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The Steel Trap (1952)

Not Rated | | Crime, Drama, Film-Noir | 12 November 1952 (USA)
A Bank officer discovers a flaw in the U.S. extradition treaty with Brazil and decides to take advantage of it. On Friday, he steals a million dollars from the bank, knowing it won't be ... See full summary »

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Cast

Cast overview:
...
Jim Osborne
...
Laurie Osborne
Jonathan Hale ...
Tom Bowers
...
Customs Inspector
Eddie Marr ...
Ken Woodley
...
Briggs, airline clerk
Katherine Warren ...
Mrs. Kellogg
Tom Powers ...
Valcourt, Travel Agent
Stephanie King ...
Susan Osborne
Aline Towne ...
Gail Woodley
Hugh Sanders ...
Mr. Greer, Passport clerk
Marjorie Stapp ...
Travel Agent
...
Raglin, Bank Teller #2
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Storyline

A Bank officer discovers a flaw in the U.S. extradition treaty with Brazil and decides to take advantage of it. On Friday, he steals a million dollars from the bank, knowing it won't be missed until the bank opens on the following Monday. He and his wife, who doesn't know what he has done, then take a flight to Brazil. After some difficulties, they get as far as New Orleans, where his wife discovers the reason for their flight and what he has done. She leaves him and returns home. He is now alone with his conscience, and doesn't know if he can get back and return the money to the bank's vault before the start of business on Monday. Written by Les Adams <longhorn1939@suddenlink.net>

Plot Summary | Add Synopsis

Taglines:

For the Love of a Woman, He Stole $1,000,000!


Certificate:

Not Rated | See all certifications »

Parents Guide:

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Details

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Release Date:

12 November 1952 (USA)  »

Also Known As:

Die Stahlfalle  »

Company Credits

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Technical Specs

Sound Mix:

Aspect Ratio:

1.37 : 1
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Did You Know?

Trivia

This is the second movie that Joseph Cotton and Teresa Wright are in together. They were previously in Alfred Hitchcock's 'Shadow of a Doubt' (1943) as uncle and niece. See more »

Goofs

Several times it is noted by airline personnel that the suitcase with the cash weighs 115 pounds, and yet neither Cotton nor others who handle it have any trouble picking it up, as if it weighed no more than 30 or 40. Picking up 100 pounds with one hand, without straining, is not easy, and cannot be done without showing effort. See more »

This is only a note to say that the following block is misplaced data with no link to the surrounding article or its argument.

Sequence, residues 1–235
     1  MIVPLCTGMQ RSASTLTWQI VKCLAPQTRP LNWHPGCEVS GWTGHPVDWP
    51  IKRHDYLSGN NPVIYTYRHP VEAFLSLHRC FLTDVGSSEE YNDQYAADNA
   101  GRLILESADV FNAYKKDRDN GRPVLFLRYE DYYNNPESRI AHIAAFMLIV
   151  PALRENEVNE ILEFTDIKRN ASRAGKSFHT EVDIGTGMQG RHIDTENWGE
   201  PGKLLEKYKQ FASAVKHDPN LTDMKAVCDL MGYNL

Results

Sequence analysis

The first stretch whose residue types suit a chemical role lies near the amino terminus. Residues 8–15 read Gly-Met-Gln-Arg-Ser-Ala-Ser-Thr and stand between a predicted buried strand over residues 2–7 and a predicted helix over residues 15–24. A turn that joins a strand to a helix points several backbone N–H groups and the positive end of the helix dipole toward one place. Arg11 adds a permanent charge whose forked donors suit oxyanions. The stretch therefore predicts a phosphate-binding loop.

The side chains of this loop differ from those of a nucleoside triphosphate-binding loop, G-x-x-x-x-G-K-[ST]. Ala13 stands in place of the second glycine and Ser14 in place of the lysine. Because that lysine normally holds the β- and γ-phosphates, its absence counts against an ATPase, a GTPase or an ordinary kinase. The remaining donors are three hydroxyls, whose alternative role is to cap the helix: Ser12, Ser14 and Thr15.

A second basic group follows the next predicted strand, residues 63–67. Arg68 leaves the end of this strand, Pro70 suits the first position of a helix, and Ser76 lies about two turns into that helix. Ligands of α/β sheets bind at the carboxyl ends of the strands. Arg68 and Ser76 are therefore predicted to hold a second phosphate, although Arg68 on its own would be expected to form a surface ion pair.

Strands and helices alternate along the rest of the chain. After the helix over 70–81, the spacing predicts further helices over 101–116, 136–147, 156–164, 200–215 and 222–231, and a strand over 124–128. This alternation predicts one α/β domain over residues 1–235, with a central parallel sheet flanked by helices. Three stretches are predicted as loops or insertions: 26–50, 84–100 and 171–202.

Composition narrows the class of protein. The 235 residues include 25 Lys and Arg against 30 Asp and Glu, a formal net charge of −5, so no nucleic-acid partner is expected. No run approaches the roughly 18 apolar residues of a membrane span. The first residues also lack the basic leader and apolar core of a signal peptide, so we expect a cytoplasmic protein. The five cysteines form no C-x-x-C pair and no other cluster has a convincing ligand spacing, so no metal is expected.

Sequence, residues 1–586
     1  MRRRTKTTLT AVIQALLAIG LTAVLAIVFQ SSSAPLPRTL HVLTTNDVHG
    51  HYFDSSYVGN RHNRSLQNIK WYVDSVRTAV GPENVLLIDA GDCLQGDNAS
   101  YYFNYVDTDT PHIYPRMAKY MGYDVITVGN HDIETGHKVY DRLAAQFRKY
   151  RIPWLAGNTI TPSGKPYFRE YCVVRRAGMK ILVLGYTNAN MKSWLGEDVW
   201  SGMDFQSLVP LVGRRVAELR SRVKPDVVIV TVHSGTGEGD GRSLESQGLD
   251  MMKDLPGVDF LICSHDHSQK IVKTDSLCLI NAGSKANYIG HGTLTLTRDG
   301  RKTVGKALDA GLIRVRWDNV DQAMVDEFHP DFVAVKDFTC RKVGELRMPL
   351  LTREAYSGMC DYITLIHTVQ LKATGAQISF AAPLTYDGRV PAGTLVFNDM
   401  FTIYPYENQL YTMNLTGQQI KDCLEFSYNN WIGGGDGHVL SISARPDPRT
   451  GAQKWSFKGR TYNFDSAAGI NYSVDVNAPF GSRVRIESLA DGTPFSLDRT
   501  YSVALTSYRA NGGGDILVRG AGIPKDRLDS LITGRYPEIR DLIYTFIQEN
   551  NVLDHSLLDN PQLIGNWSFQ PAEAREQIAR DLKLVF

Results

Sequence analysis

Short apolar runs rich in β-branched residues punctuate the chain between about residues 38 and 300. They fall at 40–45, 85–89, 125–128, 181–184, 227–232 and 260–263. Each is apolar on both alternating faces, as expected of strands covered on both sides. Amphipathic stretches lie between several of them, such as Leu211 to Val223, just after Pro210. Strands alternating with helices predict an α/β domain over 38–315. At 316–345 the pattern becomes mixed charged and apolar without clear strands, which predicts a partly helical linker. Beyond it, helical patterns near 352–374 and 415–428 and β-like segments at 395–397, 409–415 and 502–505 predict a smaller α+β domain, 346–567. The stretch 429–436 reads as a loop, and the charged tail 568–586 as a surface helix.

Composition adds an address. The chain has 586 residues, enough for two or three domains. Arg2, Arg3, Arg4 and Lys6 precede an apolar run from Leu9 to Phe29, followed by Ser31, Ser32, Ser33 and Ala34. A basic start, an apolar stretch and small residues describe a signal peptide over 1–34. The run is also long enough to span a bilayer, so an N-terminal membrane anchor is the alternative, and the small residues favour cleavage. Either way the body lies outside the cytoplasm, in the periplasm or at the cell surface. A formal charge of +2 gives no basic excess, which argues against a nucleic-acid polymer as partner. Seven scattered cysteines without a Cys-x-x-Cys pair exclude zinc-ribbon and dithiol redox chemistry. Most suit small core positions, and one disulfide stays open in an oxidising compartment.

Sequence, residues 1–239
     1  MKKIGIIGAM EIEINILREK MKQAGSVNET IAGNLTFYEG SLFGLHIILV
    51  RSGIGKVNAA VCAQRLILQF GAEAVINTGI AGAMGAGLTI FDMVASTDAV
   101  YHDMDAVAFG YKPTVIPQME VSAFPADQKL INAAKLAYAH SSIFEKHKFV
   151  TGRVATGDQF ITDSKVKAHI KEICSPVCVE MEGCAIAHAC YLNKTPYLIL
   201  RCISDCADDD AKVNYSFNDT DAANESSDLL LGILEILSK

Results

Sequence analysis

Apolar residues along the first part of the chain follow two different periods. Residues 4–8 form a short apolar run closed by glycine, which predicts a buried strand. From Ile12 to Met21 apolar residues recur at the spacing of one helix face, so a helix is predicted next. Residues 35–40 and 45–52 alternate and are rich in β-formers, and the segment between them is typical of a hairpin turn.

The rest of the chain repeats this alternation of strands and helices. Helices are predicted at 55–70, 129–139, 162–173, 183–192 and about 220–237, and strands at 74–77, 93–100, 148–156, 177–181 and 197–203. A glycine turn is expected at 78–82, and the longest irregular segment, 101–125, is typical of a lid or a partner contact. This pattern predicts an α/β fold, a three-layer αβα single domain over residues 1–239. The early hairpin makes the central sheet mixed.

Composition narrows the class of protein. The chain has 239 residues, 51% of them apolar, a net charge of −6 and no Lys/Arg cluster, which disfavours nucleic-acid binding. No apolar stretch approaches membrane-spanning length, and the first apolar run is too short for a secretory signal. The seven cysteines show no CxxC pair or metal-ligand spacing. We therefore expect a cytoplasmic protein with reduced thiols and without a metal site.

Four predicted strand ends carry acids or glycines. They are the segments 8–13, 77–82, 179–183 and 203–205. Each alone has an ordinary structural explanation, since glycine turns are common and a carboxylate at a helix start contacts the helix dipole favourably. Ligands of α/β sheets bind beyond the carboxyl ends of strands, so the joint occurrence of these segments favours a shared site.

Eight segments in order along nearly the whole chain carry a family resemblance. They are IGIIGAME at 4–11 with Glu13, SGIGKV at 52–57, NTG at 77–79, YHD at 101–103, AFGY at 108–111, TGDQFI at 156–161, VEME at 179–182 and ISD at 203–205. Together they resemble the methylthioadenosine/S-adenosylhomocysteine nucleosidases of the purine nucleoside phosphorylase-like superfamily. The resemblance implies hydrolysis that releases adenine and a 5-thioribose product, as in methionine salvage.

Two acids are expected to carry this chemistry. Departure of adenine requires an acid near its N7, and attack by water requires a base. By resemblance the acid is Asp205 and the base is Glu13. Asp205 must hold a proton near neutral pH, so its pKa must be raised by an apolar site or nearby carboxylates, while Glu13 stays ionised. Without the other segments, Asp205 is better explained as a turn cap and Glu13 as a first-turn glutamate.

Soundtracks

You Mean So Much To Me
Music by Dimitri Tiomkin
Lyrics by Stan Jones
Sung by Helen Humes
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User Reviews

 
A Real Nail-Biter
5 January 2012 | by (Claremont,USA) – See all my reviews

A nail-biter from beginning to end. Bank officer Osborne (Cotten) yields to temptation and steals a million bucks from his bank. Except to complete the theft, he's got to get to Rio before the bank opens on Monday. That means he's got to get a passport and make plane connections with only moments to spare. Thanks to him, I left a bucket of sweat on my living room couch.

So why hasn't this little sleeper been repeated more often on TV. It sure as heck merits an audience, even among today's digital addicts. It's an expertly observed, tightly written, fluidly paced little thriller. Director Stone was known for insisting on location staging. His insistence here pays off with an everyday realism that heightens the petty annoyances threatening to undo Osborne's daring scheme.

So the banker's got a million in cash in that suitcase to get out of the country. But then life's minor delays and hang-ups intrude, becoming major headaches for both him and us. Just listen to the airline stewardess cackle while we wait and wait to take off, or watch the booking agent fumble around while we squirm and squirm. The filming is like a microscope held up to everyday irritants that suddenly assume gigantic proportions, while a routine escape path turns into a nail-biting obstacle course. Poor Osborne, he'll be in fat city if he doesn't have a nervous breakdown first.

Cotten's fine as the regular Joe looking for a way out of his workday routine. Ditto Wright, as Osborne's compliant wife, the light slowly coming on that this isn't just an ordinary business trip. Also, director Stone managed a number of compact thrillers during this period, including The Night Holds Terror (1955) and Blueprint for Murder (1953). Too bad his skills aren't more widely recognized. Note here how neatly his screenplay completes Osborne's journey with that routine walk home— cast now in a reaffirming light.

I expect I'll catch the film again even though I know how it turns out. But for darn sure, I'll still keep my sweat bucket handy.


6 of 7 people found this review helpful.  Was this review helpful to you?

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